The lessons of the last big revision to the tax code in 1986 show it’s going to be harder to get things done this time.
Like today’s effort to cut rates, eliminate deductions and simplify the code, the deal under Ronald Reagan faltered again and again, Bloomberg BNA reported. Ultimately, lawmakers lowered the top rate to 28 percent from 50 percent, scrapping loopholes and increasing corporate taxes in a revenue-neutral fashion.
The goal today is much the same: to rewrite the tax code to cut back on breaks and simplify the code.
Lawmakers, lobbyists and tax professionals who worked on the 1986 rules say the past offers insight into the odds for another compromise. Looking back, they see several differences that lawmakers are having trouble resolving before any legislation can succeed, including items as central as whether the nation’s tax bill should go up at all.
“The zero-sum game that may be part of this year’s process will make it harder than 1986,” said David Kautter, managing director of the Kogod Tax Center at American University.
Like today, politicians in the early 1980s were focused on reducing the deficit and trying to stimulate economic growth. Then there was more appetite on Capitol Hill for legislation that could increase taxes, Tom Neubig, the national director for quantitative economics and statistics at EY and former chief economist at Treasury’s Office of Tax Analysis in 1986.
The years running up to 1986 saw legislation that both cut government benefits and raised taxes, culminating in a 1986 bill that was kept revenue neutral through an increase in corporate taxes of about $120 billion, something unlikely to be repeated.
“I liken the beginning of the tax reform effort in the 1980s to the beginning of the tax reform effort in 1982, when Senate Republicans were focused on reducing the deficit even during the greatest recession at that point,” said Neubig.
A year later, the Greenspan Commission recommended -- and Congress enacted -- a significant group of changes to Social Security that both cut benefits and increased taxes. The Republican-led Senate passed another deficit-reduction bill closing tax loopholes and implementing other changes to the tax code in the Summer of 1984, Neubig said.
“It’s one of those things that is really important in understanding the political dynamics of a revenue-neutral tax reform, by definition there are going to be winners and there are going to be losers,” said Neubig.
In another difference, Reagan and Congress already had signaled that there were going to be significant tax increases and that some people were going to pay more.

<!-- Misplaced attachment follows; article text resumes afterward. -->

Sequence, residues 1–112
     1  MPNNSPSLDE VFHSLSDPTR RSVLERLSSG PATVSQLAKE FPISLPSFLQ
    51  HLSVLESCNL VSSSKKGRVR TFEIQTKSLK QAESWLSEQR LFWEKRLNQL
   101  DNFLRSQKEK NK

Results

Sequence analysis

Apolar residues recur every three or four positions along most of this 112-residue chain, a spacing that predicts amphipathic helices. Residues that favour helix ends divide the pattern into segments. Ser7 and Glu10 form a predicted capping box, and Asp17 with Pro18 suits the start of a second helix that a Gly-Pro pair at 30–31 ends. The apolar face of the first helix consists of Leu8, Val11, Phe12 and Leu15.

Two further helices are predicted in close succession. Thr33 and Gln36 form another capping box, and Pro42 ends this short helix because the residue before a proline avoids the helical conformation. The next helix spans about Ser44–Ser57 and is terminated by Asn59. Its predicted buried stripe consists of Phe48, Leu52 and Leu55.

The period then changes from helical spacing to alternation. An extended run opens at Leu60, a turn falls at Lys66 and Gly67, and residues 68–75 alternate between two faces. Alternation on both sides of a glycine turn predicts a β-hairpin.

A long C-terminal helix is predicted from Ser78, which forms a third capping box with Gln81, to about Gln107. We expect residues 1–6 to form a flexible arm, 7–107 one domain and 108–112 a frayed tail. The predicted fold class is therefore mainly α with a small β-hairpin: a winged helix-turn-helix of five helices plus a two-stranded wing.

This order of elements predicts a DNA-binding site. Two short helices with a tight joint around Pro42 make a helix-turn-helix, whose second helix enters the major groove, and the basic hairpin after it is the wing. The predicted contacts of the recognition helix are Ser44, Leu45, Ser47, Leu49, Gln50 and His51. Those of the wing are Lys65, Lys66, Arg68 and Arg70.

Compare that with today’s Congress, where Majority Leader Harry Reid, a Nevada Democrat, said Aug. 1 that he was supportive of tax-code changes if it raised “significant revenue” -- something Senate Minority Leader Mitch McConnell characterized as a “real stumbling block.”
There was a sense buy-in from the administration, something that hasn’t yet shown itself in this time, Kautter said.
“I don’t know that President Obama has that same belief, that he’s got the same sort of commitment to tax reform that Reagan had,” Kautter said.
Indeed, Washington has a long way to go before Congress and the White House can move forward together on a tax overhaul.
In late July, President Obama laid out his tax proposal, one that included a one-time increase of revenue for highways and other infrastructure projects and a simplification of the tax code. Left out was mention of individual taxes.
The proposition was rebuffed by Republicans, with Senator Orrin Hatch, the Utah Republican who is the ranking member of the Finance Committee, suggesting the president’s proposal was an attempt to undermine any deal. Obama said July 31 that he wouldn’t negotiate over raising the debt ceiling as part of an effort to move tax reform forward.
Also on the sidelines is the Treasury Department, which took a leading role the 1986 deal, releasing a pair of meticulously crafted proposals, Treasury I and Treasury II. The papers gave Reagan and Congress a framework on which to build a compromise, said Donald Reynolds Jr., shareholder at the D.C. offices of law firm Buchanan, Ingersoll & Rooney.
“Back in those days, the Treasury staff and the Joint Committee staff seemed to be the dominant technical staff,” said Reynolds.
For many practitioners working in Washington, the 1986 deal was a key moment in their careers, one which shaped their outlook on the legislative process and set the course for tax policy for years to come. But what many tax practitioners took from the deal -- and what many young practitioners may take from today’s deal -- was that the major overhaul closed a generational gap among colleagues.
“It’s a great leveler, 30 years of experience doesn’t mean much if they just threw the law out,” said Reynolds. “It kind of leveled the playing field between youngsters and greybeards.”
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